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Cancer. 2008 Sep 1;113(5 Suppl):1256-65. doi: 10.1002/cncr.23735.

Incidence of cancers of the oral cavity and pharynx among American Indians and Alaska Natives, 1999-2004.

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  • 1Division of Cancer Control and Population Sciences, National Cancer Institute, Bethesda, Maryland 20892, USA.



Previous studies identified disparities in incidence rates of cancers of the oral cavity and pharynx between American Indians/Alaska Natives (AI/AN) and non-Hispanic whites (NHW) and differences between various AI/AN populations. Reporting among AI/AN has been hampered by: 1) heterogeneity among various anatomic sites of oral cavity and pharyngeal cancers obscuring unique patterns of individual anatomic sites; 2) race misclassification and underreporting of AI/AN; and 3) sparseness of data needed to identify regional variations.


To improve race classification of AI/AN, data from US central cancer registries were linked with Indian Health Service (IHS) records. AI/AN incidence data from 1999 to 2004 were stratified by sex, age, stage at diagnosis, and anatomic subsite for 6 IHS geographic regions and compared with NHW populations.


For all oral cavity and pharynx cancers combined, among residents of Contract Health Service Delivery Area counties, AI/AN overall had significantly lower incidence rates than NHW (8.5 vs 11.0). However, AI/AN rates were significantly higher in the Northern Plains (13.9 vs 10.5) and Alaska (16.3 vs 10.6), significantly lower in the Pacific Coast (7.7 vs 11.6) and Southwest (3.3 vs 10.4), and similar in the Southern Plains (11.4). Overall AI/AN males had higher incidence rates than AI/AN women. Nasopharyngeal cancer was more frequent (1.1AI/AN vs 0.4 NHW), and tongue cancer less frequent (1.6 AI/AN vs 2.9 NHW) in AI/AN than NHW populations; however, rates varied by region. Stage distribution was modestly less favorable for AI/AN compared with NHW populations.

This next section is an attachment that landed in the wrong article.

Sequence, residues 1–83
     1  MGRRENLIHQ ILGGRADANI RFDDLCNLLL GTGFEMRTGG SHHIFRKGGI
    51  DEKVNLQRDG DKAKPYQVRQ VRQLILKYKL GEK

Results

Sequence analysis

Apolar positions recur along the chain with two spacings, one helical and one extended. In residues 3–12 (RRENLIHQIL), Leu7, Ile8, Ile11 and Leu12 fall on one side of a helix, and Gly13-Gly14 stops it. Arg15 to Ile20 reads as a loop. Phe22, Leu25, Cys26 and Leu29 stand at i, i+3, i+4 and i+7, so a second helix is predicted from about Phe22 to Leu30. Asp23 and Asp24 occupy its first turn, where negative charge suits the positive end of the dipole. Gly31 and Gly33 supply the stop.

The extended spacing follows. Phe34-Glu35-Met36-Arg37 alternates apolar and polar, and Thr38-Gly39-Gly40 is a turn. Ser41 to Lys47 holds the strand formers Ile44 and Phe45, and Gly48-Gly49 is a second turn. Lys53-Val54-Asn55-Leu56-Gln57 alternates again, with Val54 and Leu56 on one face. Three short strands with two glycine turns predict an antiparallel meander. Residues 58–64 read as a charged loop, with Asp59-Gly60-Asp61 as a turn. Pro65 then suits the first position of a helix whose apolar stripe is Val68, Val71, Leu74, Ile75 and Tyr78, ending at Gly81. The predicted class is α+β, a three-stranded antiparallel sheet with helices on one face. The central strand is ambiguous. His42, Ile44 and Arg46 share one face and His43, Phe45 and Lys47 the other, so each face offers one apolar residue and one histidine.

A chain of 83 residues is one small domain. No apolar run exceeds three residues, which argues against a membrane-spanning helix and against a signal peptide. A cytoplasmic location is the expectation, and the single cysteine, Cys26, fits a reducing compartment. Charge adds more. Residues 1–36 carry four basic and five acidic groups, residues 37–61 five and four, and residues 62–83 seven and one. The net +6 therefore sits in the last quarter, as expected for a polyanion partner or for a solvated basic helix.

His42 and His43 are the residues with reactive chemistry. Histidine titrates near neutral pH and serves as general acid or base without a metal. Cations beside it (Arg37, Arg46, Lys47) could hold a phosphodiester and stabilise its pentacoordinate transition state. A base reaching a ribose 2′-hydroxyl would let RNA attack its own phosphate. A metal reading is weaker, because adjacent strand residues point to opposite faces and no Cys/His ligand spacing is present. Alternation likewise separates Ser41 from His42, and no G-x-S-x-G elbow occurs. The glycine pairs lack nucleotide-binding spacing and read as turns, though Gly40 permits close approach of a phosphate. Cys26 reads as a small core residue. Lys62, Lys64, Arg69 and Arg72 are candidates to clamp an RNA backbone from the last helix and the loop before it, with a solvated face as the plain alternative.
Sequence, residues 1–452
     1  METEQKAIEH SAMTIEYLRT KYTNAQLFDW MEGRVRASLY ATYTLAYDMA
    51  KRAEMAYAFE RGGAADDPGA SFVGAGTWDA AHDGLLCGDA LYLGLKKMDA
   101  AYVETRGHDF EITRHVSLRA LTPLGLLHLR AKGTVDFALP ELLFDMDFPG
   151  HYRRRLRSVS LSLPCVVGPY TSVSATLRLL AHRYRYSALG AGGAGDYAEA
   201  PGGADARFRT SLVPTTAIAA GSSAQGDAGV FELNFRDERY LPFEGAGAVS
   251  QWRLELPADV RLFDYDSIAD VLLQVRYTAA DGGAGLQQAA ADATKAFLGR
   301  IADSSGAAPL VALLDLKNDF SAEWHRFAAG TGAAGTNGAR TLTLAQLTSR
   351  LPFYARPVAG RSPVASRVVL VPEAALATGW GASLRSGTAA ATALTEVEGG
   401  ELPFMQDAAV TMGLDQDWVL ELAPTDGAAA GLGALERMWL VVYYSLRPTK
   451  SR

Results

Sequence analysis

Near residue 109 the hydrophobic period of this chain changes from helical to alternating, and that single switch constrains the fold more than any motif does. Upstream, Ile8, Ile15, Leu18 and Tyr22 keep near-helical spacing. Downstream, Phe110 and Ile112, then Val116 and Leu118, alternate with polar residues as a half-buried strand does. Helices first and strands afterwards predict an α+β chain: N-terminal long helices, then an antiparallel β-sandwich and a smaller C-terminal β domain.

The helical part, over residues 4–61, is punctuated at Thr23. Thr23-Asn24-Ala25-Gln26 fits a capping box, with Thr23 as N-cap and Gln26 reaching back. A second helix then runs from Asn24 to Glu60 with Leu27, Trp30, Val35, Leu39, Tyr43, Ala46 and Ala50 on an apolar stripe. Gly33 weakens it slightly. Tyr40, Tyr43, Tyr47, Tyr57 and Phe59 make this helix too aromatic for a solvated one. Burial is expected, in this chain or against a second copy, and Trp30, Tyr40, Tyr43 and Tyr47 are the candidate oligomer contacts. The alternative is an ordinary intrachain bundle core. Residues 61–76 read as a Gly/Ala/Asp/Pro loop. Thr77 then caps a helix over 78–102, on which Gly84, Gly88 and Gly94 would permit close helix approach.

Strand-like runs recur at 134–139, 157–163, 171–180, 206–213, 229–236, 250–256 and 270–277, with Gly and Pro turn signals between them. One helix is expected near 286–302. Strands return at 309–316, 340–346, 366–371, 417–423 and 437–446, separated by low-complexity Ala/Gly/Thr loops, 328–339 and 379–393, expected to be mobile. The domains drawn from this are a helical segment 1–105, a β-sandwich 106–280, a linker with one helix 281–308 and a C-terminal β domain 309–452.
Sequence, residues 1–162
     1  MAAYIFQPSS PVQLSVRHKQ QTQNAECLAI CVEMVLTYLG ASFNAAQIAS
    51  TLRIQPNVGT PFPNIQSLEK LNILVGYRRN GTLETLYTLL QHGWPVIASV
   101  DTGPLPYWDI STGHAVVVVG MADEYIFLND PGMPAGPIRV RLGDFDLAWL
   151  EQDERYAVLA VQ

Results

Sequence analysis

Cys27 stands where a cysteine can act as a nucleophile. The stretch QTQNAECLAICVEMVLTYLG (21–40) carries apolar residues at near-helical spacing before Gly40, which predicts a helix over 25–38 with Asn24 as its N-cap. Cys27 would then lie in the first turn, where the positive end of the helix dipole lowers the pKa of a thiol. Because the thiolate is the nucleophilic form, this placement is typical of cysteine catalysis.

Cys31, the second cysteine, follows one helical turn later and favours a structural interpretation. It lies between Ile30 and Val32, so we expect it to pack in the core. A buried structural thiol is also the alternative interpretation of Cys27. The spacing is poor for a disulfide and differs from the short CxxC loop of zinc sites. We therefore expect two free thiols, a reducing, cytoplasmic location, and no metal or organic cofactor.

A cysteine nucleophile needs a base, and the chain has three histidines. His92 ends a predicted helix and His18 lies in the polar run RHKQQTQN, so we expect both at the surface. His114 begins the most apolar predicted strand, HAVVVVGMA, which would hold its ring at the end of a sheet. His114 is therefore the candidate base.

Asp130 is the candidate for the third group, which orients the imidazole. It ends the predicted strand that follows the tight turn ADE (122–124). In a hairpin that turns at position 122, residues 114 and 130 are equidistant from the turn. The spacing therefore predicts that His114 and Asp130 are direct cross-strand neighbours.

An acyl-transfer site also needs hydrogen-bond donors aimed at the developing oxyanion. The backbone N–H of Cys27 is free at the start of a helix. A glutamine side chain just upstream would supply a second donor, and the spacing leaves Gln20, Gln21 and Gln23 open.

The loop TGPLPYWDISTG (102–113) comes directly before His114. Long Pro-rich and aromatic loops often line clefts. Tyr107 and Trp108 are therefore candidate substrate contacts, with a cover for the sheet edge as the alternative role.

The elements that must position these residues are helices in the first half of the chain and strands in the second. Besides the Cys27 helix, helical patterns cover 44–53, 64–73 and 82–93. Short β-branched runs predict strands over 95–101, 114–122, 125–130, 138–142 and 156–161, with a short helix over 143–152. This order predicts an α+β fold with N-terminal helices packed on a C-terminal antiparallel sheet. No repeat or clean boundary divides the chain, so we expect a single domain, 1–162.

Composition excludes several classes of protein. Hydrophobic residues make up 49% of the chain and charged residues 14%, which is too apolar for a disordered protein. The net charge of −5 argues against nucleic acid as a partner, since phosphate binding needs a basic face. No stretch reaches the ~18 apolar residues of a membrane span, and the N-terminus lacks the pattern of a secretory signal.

Variation by region, anatomic site, and sex indicates a need for research into etiologic factors and attention to regional risk factor profiles when planning cancer control programs.

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